We had just reached the eastern ledge of the cemetery when the sky went dark. I unshouldered my pack to retrieve my t-shirt and Whistler's leash for the last leg of our trek home through town. The cloud cover gave us a pleasant respite from the building heat of the day as we had been out on walkabout.
Something wet touched my arm, but I dismissed it was sweat. The dark clouds sure looked ominous, but I was cynical. It had been so hot and dry that even when the dark clouds appeared, any moisture carried therein evaporated long before it touched the ground. Even this high up.
Then there was the roar. Wardrums echoed through the valley, causing Whistler to start. Another peal of thunder and more sensations of wet. The sky opened up.
We walked home in a downpour, the rain soaking clothing, fur, and packs. The thirsty earth, all but drying even as it got wet, opened wide to drink heartily. A sound like that of bacon frying upon a skillet.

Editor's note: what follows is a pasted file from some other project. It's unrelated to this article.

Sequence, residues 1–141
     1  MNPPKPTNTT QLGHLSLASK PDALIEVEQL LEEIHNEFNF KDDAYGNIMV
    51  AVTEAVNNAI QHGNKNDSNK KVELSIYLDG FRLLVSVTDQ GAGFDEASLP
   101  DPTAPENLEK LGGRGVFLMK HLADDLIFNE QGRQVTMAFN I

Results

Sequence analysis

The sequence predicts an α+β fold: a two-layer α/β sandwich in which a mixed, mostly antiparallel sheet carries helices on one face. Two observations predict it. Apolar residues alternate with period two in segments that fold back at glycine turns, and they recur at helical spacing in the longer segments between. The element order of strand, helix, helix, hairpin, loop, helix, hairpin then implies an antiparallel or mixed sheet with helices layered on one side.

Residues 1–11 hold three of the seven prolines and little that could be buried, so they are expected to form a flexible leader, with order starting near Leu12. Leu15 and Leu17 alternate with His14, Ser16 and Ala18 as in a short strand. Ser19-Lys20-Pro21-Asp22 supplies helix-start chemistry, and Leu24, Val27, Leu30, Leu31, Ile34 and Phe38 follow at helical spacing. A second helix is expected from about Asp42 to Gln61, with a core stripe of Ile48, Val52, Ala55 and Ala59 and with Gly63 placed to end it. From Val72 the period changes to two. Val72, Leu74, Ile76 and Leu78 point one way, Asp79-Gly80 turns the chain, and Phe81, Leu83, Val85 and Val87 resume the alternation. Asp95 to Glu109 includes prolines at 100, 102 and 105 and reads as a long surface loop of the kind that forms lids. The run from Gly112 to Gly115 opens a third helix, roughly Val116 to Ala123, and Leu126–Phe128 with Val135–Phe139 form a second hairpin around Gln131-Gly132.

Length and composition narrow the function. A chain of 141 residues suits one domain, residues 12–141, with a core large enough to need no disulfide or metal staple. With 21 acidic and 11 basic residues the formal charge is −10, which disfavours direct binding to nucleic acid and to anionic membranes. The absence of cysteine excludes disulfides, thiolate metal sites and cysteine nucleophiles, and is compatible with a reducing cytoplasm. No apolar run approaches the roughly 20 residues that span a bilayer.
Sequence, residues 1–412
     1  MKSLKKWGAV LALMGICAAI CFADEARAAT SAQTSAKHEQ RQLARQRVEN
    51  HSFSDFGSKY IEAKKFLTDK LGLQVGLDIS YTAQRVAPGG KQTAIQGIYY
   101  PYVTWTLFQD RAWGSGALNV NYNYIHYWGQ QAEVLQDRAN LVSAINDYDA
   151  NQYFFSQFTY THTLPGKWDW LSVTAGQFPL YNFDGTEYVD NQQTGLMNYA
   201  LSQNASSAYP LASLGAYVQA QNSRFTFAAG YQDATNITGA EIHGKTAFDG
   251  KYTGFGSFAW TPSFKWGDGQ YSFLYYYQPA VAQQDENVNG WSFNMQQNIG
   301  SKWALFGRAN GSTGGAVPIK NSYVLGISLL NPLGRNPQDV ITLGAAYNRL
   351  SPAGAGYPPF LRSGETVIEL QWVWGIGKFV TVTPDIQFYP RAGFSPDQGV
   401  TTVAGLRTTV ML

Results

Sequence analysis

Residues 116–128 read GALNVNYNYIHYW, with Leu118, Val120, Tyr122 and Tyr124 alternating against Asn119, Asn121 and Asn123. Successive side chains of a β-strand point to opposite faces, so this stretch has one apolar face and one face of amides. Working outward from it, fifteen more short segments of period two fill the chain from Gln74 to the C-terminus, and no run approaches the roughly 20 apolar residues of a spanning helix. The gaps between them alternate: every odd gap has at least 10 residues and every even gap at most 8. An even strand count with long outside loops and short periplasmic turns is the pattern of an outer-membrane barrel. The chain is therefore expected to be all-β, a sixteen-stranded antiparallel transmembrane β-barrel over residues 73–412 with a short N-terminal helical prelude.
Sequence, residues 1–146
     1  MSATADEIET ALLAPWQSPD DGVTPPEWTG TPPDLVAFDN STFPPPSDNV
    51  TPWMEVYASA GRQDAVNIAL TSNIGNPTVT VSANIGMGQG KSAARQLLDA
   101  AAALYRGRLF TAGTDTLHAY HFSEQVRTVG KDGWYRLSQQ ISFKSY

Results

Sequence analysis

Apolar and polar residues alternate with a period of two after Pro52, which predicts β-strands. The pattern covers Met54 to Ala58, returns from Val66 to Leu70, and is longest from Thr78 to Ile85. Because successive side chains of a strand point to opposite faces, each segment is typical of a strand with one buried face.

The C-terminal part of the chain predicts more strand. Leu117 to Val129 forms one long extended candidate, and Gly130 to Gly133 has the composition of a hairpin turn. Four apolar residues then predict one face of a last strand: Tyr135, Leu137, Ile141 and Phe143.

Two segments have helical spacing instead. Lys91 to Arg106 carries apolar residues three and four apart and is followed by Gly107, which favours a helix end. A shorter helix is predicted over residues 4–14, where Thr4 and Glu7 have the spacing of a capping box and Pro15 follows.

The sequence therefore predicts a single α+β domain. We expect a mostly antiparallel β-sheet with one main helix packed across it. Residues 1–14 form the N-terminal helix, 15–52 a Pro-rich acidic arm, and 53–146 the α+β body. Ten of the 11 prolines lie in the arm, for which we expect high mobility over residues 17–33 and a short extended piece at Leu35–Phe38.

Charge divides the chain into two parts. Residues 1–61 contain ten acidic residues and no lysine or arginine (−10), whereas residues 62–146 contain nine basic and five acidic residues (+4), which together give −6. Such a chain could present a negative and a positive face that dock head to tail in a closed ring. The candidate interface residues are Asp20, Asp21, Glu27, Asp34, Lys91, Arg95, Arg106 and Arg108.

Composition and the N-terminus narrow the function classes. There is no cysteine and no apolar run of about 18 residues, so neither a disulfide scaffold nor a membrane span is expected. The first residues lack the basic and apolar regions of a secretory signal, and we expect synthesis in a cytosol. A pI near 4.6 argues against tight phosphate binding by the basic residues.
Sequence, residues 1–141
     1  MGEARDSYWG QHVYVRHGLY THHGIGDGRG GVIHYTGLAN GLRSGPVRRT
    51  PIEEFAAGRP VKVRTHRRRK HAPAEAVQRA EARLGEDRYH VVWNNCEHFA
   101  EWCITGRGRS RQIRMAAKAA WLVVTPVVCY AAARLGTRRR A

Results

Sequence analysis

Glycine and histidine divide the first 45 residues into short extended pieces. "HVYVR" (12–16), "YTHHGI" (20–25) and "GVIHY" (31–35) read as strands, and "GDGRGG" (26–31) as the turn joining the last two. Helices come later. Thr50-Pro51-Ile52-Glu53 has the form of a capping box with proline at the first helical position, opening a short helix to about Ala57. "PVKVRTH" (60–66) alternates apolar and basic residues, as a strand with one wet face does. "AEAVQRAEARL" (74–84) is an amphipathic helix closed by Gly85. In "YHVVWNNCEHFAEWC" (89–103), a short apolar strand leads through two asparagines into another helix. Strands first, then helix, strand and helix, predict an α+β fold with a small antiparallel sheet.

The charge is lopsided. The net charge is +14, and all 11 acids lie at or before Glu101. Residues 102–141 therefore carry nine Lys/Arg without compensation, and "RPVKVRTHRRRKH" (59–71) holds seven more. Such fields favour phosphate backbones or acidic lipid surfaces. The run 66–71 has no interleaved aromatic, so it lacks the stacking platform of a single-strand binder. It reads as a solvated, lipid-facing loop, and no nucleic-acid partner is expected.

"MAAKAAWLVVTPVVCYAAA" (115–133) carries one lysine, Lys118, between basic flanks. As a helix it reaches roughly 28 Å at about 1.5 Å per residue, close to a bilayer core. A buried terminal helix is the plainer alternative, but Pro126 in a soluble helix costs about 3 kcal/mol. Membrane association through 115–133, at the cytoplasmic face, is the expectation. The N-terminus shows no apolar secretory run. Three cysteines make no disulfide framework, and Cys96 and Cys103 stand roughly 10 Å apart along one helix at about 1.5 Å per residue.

The clouds broke as we turned the last corner of the last stretch to home. Sunlight once more bathed the mountainsides. The rain moved on, thunder echoing further down the valley. Once more, the ground and roadways dried out as though the downpour was nothing more than a phantasm. The drink the world had been given equating to about a sip.
I let Whistler off the leash as we approached the House of Owls and Bats. A rainbow arched overhead in an almost cathedral-like fashion and warmth returned, but the rainsoak made it feel quite pleasant. I couldn't help but smile, reaching down to scritch behind Whistler's ears.
"Remember," I said, "These are the best of times."